Dubai airport re-opens after UAE suffers heavy rain

Operations at Dubai International Airport remain severely disrupted after heavy rains battered the United Arab Emirates and neighbouring countries.

The storm pounded the UAE on Tuesday, flooding roads and the sections of the busy international airport.

Flash floods have now killed 20 people in Oman and one in the UAE.

Some inbound flights resumed on Thursday, but on the whole Dubai International Airport, a major travel hub, is struggling to function.

Many air passengers have told the BBC of scenes of “chaos” at the world’s second-busiest airport, with people unable to travel on their booked flights.

Other “very anxious” and disoriented passengers, some travelling with young children, have posted on social media saying that despite confirmed bookings, their tickets are not being processed, because “check-in/bag drop/passport control [are] not open.”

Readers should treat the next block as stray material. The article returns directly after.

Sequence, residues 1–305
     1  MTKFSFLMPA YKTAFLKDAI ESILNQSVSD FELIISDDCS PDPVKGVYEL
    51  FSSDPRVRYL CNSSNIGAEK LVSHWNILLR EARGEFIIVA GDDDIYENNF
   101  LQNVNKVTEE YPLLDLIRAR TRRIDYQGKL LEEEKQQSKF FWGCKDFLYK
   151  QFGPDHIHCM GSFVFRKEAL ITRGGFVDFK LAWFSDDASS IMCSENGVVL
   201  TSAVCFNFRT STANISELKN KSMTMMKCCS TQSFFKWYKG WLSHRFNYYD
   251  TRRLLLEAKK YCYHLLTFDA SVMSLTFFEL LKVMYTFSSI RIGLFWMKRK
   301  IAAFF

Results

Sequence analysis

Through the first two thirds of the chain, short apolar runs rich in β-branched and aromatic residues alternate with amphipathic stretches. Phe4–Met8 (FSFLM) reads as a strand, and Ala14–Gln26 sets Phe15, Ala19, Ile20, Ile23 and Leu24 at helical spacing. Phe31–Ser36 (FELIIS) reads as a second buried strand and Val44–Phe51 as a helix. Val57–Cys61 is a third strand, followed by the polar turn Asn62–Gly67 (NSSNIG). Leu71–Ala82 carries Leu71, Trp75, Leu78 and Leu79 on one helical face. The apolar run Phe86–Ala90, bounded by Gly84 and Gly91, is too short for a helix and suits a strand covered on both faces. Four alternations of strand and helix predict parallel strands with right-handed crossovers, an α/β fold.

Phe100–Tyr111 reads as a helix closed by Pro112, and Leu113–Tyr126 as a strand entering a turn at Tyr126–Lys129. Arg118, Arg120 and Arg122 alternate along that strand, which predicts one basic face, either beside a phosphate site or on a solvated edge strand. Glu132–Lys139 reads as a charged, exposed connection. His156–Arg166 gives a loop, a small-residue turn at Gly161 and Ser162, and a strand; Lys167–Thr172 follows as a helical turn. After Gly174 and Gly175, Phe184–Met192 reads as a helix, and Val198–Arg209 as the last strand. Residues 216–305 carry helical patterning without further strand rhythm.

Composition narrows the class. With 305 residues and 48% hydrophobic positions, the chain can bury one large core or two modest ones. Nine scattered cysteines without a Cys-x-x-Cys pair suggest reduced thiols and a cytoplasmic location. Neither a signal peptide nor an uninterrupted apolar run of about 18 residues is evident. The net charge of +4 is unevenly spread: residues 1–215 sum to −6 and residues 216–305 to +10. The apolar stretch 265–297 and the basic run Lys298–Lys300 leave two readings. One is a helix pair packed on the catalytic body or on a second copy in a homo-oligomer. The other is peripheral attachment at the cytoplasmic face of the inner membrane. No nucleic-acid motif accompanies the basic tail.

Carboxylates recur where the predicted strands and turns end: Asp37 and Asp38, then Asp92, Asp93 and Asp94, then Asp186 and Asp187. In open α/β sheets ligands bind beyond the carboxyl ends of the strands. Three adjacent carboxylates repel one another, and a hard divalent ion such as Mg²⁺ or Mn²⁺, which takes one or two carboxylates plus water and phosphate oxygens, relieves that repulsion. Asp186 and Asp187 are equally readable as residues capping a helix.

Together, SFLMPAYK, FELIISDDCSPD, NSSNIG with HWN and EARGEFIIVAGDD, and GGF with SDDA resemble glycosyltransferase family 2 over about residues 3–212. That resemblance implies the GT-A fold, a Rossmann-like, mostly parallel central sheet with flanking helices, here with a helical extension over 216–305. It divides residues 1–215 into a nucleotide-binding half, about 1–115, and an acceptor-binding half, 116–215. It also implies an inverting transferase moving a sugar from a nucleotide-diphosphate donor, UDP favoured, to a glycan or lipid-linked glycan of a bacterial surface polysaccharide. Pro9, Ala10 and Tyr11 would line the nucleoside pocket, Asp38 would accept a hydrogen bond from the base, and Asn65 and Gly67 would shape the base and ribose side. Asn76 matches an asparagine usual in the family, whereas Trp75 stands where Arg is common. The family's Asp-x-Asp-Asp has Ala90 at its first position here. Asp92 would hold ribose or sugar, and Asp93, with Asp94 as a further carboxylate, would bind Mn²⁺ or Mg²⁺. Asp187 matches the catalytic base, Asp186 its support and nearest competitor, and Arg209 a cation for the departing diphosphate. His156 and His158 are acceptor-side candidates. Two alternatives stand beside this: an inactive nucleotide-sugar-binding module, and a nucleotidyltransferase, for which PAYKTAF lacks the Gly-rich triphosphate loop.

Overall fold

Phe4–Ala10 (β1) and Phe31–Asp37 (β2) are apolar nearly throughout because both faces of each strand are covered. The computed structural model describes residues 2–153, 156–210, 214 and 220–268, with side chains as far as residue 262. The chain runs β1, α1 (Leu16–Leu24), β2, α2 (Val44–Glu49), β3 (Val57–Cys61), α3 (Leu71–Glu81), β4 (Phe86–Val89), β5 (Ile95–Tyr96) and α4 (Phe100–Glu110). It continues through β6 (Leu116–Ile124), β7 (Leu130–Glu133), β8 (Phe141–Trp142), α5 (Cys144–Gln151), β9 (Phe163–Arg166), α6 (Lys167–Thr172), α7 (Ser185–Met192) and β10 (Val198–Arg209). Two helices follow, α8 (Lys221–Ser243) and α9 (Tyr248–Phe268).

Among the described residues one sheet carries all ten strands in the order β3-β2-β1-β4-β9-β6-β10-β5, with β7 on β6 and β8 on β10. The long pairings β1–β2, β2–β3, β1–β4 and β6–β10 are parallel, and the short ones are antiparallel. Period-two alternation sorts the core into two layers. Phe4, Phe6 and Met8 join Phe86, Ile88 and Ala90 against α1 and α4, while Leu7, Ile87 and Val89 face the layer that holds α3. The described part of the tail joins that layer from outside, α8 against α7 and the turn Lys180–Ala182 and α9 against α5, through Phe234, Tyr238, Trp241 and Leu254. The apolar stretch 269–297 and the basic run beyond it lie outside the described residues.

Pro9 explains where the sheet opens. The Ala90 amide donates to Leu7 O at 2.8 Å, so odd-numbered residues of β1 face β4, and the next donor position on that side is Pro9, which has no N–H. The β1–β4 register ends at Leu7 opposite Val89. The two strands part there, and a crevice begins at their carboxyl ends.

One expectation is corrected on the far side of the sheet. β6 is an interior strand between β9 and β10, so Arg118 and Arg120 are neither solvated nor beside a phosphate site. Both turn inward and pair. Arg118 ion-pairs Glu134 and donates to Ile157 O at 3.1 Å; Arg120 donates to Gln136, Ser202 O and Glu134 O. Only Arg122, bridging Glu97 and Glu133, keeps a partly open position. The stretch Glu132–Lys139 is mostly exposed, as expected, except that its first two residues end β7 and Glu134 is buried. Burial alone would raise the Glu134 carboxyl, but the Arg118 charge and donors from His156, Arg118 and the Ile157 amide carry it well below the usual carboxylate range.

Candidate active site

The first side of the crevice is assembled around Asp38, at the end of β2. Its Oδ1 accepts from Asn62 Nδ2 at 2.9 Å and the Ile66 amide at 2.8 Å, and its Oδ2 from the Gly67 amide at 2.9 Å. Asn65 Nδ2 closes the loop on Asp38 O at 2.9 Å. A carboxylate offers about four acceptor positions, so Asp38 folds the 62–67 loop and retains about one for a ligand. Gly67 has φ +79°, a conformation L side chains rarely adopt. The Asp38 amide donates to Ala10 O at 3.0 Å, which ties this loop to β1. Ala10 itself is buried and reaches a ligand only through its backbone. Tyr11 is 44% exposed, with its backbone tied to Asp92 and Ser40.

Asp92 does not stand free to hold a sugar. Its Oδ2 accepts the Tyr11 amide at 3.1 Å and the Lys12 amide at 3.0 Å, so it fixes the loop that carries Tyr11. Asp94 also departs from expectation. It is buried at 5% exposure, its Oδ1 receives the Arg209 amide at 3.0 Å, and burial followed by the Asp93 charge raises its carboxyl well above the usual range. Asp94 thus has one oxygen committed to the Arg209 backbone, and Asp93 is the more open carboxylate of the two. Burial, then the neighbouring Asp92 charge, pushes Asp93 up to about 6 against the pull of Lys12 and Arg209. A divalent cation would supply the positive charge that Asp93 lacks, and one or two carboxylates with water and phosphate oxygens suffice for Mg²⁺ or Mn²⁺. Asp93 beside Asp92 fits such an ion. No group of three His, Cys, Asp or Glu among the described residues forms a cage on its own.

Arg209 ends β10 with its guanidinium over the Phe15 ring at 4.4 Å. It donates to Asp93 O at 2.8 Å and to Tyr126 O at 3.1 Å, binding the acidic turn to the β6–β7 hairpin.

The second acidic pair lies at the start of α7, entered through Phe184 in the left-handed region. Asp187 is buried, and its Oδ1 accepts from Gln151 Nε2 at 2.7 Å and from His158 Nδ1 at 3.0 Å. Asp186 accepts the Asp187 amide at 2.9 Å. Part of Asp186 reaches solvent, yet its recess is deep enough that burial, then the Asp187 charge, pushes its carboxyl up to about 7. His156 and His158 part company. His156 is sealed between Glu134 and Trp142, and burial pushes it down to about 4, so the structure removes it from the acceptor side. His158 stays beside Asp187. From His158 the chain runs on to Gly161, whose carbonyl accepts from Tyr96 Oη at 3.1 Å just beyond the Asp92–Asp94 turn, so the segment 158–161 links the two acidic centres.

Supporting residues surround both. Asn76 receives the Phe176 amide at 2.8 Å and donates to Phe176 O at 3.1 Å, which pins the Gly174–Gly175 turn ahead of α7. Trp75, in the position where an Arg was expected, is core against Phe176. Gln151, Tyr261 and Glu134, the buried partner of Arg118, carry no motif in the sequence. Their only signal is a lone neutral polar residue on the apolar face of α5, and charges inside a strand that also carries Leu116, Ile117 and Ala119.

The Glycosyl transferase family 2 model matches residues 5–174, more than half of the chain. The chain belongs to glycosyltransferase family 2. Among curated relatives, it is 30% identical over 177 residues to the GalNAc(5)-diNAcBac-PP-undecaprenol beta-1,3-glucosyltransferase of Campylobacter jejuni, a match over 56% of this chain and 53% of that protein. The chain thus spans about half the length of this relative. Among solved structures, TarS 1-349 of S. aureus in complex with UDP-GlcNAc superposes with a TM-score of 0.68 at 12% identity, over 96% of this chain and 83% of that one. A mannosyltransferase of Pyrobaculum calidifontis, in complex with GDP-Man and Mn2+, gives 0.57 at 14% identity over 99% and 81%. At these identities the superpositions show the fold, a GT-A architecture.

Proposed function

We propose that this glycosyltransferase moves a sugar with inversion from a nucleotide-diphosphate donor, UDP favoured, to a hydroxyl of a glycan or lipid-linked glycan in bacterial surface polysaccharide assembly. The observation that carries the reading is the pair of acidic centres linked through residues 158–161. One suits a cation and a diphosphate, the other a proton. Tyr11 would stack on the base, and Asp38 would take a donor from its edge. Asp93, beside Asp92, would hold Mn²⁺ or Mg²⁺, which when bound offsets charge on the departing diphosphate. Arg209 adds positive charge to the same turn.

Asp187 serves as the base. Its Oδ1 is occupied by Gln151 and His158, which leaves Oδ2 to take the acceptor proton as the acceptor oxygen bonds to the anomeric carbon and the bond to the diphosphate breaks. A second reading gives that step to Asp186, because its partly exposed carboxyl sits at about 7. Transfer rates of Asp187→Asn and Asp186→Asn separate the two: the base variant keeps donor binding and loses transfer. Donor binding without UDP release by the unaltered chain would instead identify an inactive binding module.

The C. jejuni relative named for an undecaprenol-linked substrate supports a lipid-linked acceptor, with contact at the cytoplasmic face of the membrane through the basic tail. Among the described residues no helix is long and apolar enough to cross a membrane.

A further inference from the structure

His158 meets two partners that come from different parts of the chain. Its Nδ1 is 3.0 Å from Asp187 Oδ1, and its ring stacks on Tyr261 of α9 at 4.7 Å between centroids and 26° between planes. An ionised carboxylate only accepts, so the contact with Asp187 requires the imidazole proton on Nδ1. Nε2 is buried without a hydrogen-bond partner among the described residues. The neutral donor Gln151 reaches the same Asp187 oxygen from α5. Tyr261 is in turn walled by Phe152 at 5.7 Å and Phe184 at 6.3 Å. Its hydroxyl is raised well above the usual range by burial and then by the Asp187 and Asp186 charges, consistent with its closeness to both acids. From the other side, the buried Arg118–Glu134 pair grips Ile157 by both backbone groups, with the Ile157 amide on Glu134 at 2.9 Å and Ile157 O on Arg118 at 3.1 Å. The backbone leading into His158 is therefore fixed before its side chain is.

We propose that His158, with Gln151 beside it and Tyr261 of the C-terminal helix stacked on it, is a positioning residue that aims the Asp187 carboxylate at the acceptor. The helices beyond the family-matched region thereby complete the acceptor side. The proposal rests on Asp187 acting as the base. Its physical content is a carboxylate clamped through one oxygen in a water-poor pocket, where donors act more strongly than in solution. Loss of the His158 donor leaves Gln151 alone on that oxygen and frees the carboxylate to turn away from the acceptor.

Authorities at Dubai International Airport said on Thursday that they had started receiving inbound flights at Terminal 1, used by foreign carriers, but that outbound flights continued to be delayed.

They later announced that check-in was open at Terminal 3 for Emirates and flydubai flights.

But they warned that a large number of travellers were waiting to check in and long delays were expected.

Jonathan Finchett, who is at Dubai International Airport, described “apocalyptic scenes” as he saw families barricading themselves behind luggage trolleys and a man appearing to collapse after what he described as a “stampede” towards check-in.

Mr Finchett, from Chester in the UK, landed in Dubai on Tuesday where he was due to catch a connecting flight to Manchester in England.

But when he arrived at the airport he found out no flights were leaving Dubai because of the storm, and was told his flight had been rescheduled for 3:00 local time (00:00 BST) on Thursday, organised by the airline Emirates – the single largest carrier at the airport.